Stafford: 1st Daves leads us to ponder each other’s pain

David Letterman drinks from the Yellow Springs in Glen Helen as Dave Chappelle watches during Letterman's Netflix special "My Next Guess Needs No Introduction."
David Letterman drinks from the Yellow Springs in Glen Helen as Dave Chappelle watches during Letterman's Netflix special "My Next Guess Needs No Introduction."

Credit: Staff

Credit: Staff

Today’s lesson is from 1st Daves, beginning with the 36th minute.

I’m calling it 1st Daves in hopes that the two Daves (Letterman and Chappelle) do a second Netflix interview someday.

I’m beginning with the 36th minute, because that’s the point at which the discussion filmed on Chappelle’s home ground in Yellow Springs begins to take on the tone of a modern epistle.

For those who didn’t get the email, epistles are Biblical letters in which a person writes to a fractured community telling them to shape up and work together – for God’s sake -- before everything falls apart

In that sense, a portion of 1st Daves is an epistle that deserves a place in the canon of the history of our nation. Digitally preserved in the Library of Congress, it can be a message in a bottle reminding future Americans about the time of George Floyd. Because even if the solution it propose is never used or doesn’t succeed, it describes the problem we face.

Before getting to that, we’ll stop at the Zamzam Well, which Chappelle did stop at on a visit to Saudi Arabia.

He’s Muslim. And, in the Quran, the well is the life saving place where Hagar, the second wife of Abraham and their son, Ishmael, arrived with parched tongues and dehydrated bodies.

Located at Mecca, the well’s name springs from the repeated words, stop, stop, which is an expression of how overwhelmed the thirsty mother and child were by the unending flow of water it supplied.

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Symbolically, the story promises that those things after which people most deeply thirst – among them, justice, respect and peace – are abundant and rich, like the Biblical land of milk and honey.

Now, we’re on to the epistle.

Like the epistle writers of old, Chappelle’s expectations are modest.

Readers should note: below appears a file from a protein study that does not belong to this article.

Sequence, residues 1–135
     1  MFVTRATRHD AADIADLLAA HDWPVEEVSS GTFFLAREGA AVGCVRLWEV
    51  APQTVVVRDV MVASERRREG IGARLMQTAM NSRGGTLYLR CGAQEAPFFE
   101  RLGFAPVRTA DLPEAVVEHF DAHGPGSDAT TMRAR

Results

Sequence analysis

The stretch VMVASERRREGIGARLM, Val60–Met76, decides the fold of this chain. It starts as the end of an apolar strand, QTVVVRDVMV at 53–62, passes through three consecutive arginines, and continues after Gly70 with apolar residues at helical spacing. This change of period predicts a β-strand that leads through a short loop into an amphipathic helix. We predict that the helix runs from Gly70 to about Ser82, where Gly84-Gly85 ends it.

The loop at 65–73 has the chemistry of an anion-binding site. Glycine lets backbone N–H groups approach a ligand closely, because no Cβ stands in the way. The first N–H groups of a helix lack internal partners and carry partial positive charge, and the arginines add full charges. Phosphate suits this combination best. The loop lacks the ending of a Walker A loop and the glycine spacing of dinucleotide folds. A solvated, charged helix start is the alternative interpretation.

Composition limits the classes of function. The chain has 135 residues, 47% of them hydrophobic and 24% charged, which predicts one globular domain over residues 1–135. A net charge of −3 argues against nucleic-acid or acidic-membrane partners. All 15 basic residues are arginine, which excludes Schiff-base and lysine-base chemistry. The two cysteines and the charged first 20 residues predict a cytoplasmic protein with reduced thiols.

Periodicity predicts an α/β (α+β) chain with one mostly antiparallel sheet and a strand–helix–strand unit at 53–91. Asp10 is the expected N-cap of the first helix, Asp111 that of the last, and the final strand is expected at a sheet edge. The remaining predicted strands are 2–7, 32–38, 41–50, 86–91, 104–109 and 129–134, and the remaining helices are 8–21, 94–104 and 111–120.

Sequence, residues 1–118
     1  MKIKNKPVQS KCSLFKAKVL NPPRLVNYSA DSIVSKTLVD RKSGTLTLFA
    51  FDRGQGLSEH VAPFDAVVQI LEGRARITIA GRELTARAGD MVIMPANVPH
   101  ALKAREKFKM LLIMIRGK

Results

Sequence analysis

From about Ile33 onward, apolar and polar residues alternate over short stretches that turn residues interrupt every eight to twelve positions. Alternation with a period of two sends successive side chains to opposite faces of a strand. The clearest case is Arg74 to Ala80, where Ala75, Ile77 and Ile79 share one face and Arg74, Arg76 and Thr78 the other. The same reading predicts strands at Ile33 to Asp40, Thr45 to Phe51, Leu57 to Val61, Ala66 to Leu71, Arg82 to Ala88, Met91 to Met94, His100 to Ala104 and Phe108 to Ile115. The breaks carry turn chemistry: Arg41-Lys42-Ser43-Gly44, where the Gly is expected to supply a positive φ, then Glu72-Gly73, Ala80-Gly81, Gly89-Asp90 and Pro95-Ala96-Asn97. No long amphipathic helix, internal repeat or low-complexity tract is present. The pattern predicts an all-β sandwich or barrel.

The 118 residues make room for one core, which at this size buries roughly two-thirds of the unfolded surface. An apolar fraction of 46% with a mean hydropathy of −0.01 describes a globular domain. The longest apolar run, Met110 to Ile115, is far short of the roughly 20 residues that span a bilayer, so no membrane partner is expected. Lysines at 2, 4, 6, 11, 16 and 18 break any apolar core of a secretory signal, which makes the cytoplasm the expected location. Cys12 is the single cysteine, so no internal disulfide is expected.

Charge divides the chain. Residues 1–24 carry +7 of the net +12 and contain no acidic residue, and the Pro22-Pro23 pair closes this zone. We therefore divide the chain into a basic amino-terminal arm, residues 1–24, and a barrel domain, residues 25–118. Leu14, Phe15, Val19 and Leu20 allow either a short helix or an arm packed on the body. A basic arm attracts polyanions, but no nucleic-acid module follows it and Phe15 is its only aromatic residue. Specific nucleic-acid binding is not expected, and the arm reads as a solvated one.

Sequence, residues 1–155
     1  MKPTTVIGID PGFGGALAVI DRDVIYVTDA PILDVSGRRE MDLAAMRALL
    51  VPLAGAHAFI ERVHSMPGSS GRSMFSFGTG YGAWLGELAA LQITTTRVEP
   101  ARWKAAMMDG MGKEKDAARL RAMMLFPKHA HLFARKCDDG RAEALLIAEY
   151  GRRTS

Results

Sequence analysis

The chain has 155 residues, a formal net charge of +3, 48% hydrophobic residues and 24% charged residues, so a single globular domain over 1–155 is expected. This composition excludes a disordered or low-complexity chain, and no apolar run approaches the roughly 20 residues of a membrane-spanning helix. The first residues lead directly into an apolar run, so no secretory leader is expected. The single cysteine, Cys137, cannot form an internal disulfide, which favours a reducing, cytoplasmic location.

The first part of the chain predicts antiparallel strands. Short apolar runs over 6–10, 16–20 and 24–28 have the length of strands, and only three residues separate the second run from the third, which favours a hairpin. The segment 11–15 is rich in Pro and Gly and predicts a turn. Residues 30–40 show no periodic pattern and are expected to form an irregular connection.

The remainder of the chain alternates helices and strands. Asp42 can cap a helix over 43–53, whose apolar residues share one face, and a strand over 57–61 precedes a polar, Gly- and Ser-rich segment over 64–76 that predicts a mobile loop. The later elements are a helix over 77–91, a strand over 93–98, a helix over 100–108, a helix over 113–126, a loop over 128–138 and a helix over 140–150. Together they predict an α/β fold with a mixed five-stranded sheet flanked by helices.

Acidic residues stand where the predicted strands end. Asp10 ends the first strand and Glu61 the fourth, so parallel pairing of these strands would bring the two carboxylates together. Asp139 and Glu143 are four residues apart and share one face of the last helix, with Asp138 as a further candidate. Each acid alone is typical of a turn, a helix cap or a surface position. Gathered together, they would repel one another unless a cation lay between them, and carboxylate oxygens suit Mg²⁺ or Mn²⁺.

He’s not aiming for an unending flow of blessings or the richness of milk and honey. He doesn’t even expect a badly divided America suddenly will crown its good with brotherhood from sea to shining sea.

What he trusts in, he tells Letterman, is that, together, we can manage a world that provides “a livable level of decency” for us all.

And how do we do that?

Well, first comes the disclaimer.

Chappelle insists he never wants people to look to him as a moral or intellectual leader, whom he says have historically lacked pension plans and died penniless.

“I do what I think is best,” he says, “but I don’t know what is best, because I’m just a guy.”

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But a very thoughtful one.

His proposal starts with notion that we all first see our shared living space a common ground of community: “We’re all countrymen, all of us. We live in America.”

Plus, he says, “We all got our problems; we all got our strife.”

And that itself might unite us, if only we weren’t trapped in what Chappelle calls “this game of who suffers more.”

Each time a team possesses the ball in this game, he says, “they act like everyone’s suffering is mutually exclusive from everyone else’s, which we know is not true.”

It’s what Biblical folks might call worshipping at the idol of our own pain.

And that prevents us from being able to go forward together.

“If you’re going to get to the bottom of … any of these issues – the key being race – it’s going to require some honesty and definitely some forgiveness,” Chappelle says.

He compares current conversations about race to a “tight-rope walk” so tense that honesty seems too risky. Says Chappelle, “It just makes everybody not want to get caught” saying the wrong thing.

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What makes it even more difficult, he says, is that “we’re unpacking so much” troubled history.

So Chappelle then reaches for a word that the faithful tend to store on a shelf even higher than forgiveness.

To succeed, “you’ve got to leave some room for redemption,” he says. “The more room you leave for redemption, the more room there is for people to be honest.”

“If we make a context where we can actually honestly address what we’ve (all) done, we can … figure out what is happening, why these things are being perpetuated, and … come to a more comprehensive understanding.”

At this point, I’ll do what I did as a lay reader reciting epistles to a congregation: pause for a moment of silence to let the last line sink in, then say: "Thus ends the reading from 1st Daves.

And be sure to grab a cup of coffee on the way out.

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